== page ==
by Michael Keller
Futurist fashionistas take note: A new type of accessory that ornaments your ears in golden, fractal patterns isn’t meant to be jewelry; it’s built to read your thoughts. It could one day replace the mouse, keyboard and touchscreen with brain waves as the way to interact with computers.
In a study released today in the journal PNAS, materials scientists and engineers report they’ve developed soft electrodes that can be stuck on and behind the ear to detect electrical activity in the brain. The epidermal electronics are designed to be worn for at least two weeks at a stretch and have shown effectiveness as a brain-computer interface. Test subjects sporting the system were able to spell out words on a computer screen using only their thoughts.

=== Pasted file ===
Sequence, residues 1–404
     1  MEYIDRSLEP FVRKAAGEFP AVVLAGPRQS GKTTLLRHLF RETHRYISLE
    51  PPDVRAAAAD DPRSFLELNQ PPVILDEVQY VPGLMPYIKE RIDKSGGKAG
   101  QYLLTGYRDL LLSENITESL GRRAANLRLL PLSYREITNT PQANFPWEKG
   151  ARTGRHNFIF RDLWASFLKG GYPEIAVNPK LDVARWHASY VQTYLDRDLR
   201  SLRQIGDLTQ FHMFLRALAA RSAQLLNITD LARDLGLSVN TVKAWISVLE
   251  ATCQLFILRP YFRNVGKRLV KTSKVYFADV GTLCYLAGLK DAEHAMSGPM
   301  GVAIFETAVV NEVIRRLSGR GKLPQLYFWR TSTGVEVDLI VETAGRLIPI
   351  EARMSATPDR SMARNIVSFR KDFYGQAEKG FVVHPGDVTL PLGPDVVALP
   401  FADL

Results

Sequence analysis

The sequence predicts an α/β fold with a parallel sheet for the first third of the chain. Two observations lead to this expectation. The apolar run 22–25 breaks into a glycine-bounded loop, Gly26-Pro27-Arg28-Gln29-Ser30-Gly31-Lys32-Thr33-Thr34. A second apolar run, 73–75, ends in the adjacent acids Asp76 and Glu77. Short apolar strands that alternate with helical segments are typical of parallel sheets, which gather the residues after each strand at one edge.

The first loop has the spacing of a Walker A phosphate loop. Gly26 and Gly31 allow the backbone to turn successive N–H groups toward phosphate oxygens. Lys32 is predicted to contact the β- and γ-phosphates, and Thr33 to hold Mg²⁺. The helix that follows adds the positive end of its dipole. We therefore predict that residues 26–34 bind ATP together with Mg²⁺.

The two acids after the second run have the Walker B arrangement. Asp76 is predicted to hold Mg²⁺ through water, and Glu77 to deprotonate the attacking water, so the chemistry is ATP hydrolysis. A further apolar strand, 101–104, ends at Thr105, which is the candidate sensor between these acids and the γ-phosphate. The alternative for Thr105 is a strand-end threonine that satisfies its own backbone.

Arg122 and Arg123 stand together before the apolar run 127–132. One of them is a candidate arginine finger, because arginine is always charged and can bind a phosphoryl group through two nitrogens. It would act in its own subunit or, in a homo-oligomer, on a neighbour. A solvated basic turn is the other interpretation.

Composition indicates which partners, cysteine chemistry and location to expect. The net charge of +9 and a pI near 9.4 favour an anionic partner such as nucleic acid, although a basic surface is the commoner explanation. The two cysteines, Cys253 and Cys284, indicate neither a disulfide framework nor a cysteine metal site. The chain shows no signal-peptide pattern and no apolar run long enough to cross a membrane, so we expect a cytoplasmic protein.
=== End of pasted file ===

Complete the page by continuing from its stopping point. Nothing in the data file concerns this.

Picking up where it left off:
The team of U.S. and South Korean scientists built what amounts to a miniaturized electroencephalogram (EEG), which is typically used to read brain activity for signs of epilepsy or other brain disorders. Researchers shrunk the rigid metal EEG electrodes that are normally stuck to the scalp by crafting them out of thin gold wire sealed in skin-compatible polymers. These sensors were then affixed to the outer part of the ear, called the auricle, and to the skull bone just behind the ear that is called the mastoid process.